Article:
New Mayor Thata Father Maphongo has hit the ground running with his ambitious vision to transform Gaborone into a “real” diamond city that is safe, clean and green with a great ambience for residents and visitors. Under his stewardship, the key words that he will apply for the council are a ‘leading service delivery, efficiency, accountability, good governance, team work and private partnership’.
In an exclusive interview with Botswana Guardian Maphongo said his quest is to lead and drive Gaborone city towards attaining its status as a diamond city. “We have no intention to change from that pronouncement,” he said, adding there are a number of things they have identified that will eventually take them to that destination. Among the first things which is already noticeable is cleaning the city. “We want a clean city that is very important to us,” since Gaborone is the capital city and the first point of contact for visitors. Hence it is important to ensure that Gaborone resembles the city that “we want it to be, it has to be a role model in the country it has to please the eye and be the city that everyone wants to visit”.
The Council has started clearing bushes around Gaborone and cutting grass. They will also mobilise the community towards cleaning the city. “We will come out with a deliberate programme where we will be asking every resident of Gaborone to join us in cleaning the city. We will agree on a day or few hours on a monthly basis which will be solely dedicated for cleaning the city,” said the Mayor. He said the bush clearing for visibility on the main roads leading into the city is expected to be completed by the end of February and will be followed by other roads.
Maphongo will look for funds to install receptacle bins around town especially at bus stops in order for travellers to deposit litter so that when “We embark on cleaning campaigns there will be facilities where litter can be deposited”.
Council wants to look at erecting pay toilets in strategic areas and outsource these to disadvantaged groups like the youth to run and manage and generate income for themselves.
Council has also targetted open spaces, parks, Segoditshane River for creating greenery. The plans are to clean the river and make it habitable, by clearing the bushes, creating greenery and walk paths along the river banks so that the community of Gaborone could have a place to go and relax as well as have places where they can actually take their kids during weekends and enjoy the environment.
Maphongo says Council is aware that Gaborone is dark. “We are working tirelessly to ensure the streets lights are operating. “We are going to be installing tower lights in some areas to ensure that there is adequate lighting around the city in order to create a safe city. “Similarly around Segoditshane we will create greenery in that area, we will be inviting the private sector either to take up space along the river and we would have set minimum standard of the development that we want along the river bank, this is purely to make Gaborone habitable and attractive to our visitors and residents”. These strategic and deliberate projects will help Gaborone to attract investors at the end of the day.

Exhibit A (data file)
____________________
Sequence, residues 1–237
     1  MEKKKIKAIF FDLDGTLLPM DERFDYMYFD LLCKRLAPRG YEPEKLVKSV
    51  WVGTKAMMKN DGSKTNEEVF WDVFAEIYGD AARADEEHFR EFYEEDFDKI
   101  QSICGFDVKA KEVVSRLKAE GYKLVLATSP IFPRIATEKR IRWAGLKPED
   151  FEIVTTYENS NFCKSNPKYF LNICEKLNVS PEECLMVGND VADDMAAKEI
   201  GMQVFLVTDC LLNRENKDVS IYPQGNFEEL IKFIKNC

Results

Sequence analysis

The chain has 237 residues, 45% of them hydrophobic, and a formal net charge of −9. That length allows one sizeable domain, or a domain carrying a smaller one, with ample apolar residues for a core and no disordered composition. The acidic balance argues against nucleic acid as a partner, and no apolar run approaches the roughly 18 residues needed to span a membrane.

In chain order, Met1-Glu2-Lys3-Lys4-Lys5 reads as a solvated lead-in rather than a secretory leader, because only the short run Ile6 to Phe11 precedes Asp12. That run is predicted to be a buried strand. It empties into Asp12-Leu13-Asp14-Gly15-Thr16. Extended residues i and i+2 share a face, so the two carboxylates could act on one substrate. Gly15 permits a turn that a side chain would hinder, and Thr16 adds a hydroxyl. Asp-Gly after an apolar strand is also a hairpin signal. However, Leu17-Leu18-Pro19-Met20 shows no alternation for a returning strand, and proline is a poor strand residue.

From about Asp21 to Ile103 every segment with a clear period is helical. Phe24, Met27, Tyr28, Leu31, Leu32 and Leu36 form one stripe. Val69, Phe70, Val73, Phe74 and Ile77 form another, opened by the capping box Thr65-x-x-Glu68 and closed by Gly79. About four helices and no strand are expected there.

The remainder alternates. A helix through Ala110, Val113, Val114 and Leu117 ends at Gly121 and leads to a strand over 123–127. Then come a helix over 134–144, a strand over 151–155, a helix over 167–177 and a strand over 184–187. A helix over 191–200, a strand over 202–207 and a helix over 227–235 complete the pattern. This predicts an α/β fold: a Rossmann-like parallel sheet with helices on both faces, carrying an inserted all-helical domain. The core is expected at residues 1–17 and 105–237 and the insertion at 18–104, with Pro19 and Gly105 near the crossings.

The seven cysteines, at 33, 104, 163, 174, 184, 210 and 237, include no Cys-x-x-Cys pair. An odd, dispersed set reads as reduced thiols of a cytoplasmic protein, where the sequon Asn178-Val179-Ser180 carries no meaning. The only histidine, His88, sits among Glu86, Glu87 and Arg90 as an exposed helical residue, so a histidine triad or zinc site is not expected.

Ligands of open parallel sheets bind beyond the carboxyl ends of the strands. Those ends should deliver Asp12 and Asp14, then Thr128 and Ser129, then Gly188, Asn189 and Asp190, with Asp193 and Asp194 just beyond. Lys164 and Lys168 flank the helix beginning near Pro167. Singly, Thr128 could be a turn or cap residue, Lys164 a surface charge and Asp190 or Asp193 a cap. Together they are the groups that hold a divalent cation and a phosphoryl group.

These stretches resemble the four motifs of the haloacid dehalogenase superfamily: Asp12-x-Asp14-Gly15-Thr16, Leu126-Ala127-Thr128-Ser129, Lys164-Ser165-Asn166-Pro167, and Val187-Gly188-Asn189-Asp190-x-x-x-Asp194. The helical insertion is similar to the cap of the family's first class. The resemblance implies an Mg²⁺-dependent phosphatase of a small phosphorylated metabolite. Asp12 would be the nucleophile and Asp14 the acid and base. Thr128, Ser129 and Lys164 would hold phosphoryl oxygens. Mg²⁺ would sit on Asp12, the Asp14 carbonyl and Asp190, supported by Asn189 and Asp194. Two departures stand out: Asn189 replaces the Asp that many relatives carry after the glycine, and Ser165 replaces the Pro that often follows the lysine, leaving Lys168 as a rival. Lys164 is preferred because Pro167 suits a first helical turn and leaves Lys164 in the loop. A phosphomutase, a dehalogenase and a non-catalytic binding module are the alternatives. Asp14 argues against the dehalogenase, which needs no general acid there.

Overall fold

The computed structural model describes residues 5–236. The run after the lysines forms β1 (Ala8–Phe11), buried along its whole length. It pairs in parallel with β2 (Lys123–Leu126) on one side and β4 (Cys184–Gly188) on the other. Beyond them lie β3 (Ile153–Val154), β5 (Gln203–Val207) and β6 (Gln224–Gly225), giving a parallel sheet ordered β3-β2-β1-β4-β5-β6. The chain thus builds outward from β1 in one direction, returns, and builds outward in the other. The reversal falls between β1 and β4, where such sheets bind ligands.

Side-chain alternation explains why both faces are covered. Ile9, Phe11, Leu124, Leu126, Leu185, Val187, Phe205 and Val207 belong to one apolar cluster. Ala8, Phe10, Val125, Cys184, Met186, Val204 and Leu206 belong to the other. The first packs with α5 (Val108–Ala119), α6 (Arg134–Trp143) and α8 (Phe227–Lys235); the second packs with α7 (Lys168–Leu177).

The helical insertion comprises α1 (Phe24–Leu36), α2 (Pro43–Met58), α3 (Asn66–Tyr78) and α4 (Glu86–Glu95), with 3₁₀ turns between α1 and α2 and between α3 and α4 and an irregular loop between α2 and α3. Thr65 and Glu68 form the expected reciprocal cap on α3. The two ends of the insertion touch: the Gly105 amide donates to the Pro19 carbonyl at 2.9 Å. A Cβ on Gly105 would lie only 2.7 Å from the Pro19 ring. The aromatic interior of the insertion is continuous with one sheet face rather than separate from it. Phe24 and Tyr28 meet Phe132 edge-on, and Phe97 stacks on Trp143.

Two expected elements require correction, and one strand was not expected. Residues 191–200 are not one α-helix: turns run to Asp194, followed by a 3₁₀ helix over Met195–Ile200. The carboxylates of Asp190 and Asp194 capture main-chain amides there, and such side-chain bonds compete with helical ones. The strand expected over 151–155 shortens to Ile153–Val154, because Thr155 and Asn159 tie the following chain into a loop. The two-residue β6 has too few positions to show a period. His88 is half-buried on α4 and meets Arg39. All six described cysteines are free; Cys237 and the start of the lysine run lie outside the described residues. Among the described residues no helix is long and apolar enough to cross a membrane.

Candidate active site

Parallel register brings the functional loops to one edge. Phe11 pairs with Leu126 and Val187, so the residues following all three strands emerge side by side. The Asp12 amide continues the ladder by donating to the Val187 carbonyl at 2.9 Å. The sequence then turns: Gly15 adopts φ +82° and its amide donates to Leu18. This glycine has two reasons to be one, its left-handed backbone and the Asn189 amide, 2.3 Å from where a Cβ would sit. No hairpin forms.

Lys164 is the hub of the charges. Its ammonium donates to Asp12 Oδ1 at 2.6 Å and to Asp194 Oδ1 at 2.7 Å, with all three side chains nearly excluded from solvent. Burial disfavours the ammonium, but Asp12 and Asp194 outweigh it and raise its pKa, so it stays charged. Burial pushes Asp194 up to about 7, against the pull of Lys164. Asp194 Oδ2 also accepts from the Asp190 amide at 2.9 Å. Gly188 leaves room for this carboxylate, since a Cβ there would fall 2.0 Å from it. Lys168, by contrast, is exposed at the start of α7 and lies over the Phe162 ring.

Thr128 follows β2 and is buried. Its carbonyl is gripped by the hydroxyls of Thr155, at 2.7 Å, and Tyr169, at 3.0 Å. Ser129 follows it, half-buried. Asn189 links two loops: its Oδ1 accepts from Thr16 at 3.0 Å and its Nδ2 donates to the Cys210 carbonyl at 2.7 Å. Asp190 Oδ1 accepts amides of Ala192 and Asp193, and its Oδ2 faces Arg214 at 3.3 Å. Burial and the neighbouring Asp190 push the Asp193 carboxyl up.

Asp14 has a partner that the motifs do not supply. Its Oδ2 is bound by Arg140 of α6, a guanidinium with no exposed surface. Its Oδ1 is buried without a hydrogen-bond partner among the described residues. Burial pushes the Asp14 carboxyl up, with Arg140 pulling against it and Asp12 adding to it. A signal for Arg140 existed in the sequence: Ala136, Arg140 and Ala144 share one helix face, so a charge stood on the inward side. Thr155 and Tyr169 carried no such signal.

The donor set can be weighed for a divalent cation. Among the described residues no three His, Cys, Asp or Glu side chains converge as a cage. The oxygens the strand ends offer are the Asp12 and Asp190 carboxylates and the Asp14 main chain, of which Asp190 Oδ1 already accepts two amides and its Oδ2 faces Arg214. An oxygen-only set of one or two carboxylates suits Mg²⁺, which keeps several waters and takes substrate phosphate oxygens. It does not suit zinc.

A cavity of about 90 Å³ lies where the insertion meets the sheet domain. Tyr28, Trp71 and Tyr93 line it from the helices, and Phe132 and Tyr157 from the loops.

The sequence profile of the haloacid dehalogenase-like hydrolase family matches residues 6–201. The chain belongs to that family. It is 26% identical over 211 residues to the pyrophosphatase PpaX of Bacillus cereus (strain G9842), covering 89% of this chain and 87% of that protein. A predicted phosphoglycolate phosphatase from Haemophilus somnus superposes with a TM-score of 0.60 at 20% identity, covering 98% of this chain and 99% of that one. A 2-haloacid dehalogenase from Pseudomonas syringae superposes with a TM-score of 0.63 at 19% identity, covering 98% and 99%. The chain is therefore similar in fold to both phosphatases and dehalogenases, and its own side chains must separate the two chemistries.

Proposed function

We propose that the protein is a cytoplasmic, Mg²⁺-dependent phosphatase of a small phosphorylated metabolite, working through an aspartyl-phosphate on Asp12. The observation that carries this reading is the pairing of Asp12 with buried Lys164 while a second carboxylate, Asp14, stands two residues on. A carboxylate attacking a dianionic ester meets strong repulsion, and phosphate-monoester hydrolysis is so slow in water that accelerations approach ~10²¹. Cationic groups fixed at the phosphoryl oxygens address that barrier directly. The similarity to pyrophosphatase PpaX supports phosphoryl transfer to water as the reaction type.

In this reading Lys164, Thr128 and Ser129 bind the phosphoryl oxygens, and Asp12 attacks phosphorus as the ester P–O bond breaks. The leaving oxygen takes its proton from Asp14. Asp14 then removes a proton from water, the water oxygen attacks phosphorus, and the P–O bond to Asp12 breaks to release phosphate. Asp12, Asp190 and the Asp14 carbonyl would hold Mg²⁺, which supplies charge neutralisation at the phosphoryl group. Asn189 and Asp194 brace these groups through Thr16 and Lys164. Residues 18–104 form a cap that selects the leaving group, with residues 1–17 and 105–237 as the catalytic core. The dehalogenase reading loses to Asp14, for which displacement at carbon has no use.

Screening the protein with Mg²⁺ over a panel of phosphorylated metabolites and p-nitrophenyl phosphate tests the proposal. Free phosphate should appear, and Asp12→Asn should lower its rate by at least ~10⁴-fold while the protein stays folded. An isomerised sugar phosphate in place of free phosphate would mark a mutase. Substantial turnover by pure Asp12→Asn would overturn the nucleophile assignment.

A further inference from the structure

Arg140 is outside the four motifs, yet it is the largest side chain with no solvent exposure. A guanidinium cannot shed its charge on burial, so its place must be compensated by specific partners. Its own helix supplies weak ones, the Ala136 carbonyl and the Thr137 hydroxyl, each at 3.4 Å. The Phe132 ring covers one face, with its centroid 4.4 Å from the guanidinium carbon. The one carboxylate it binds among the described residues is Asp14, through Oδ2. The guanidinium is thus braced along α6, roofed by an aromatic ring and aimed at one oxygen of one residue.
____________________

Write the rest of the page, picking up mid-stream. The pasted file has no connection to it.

“We are looking at creating more or less a semi autonomous council where financially we are more or less self-sufficient and sustaining”. But who will finance the projects since government is always complaining of having no money? “My view is that we should not wait for the government to have money because there is no way that the government is going to have money in any forseeable future. “You will appreciate that the diamond sales have gone down and there is no main source of income. So if we are going to wait for government to have money, we are going to wait for a very long time”.
In that case Maphongo envisages an innovative Council that will come up with various ways of raising revenue. These include asking government to avail them part of the plastic levy and the fuel levies since Council is the responsible organ for ensuring that the city is clean. “It is those plastics that are being thrown around that we will be picking, therefore it is only reasonable that the plastic levy be channelled to the council”. Council also wants to benefit from the fuel levy to mitigate the costs they incur in repairing roads that are being ruined by vehicles. “One can only hope that the government will be amenable to these suggestions”.